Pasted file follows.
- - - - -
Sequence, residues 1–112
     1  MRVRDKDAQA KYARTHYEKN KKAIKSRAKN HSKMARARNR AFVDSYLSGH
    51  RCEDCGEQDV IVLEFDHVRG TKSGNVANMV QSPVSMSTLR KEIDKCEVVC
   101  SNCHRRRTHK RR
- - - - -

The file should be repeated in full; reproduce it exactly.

Sequence, residues 1–112
     1  MRVRDKDAQA KYARTHYEKN KKAIKSRAKN HSKMARARNR AFVDSYLSGH
    51  RCEDCGEQDV IVLEFDHVRG TKSGNVANMV QSPVSMSTLR KEIDKCEVVC
   101  SNCHRRRTHK RR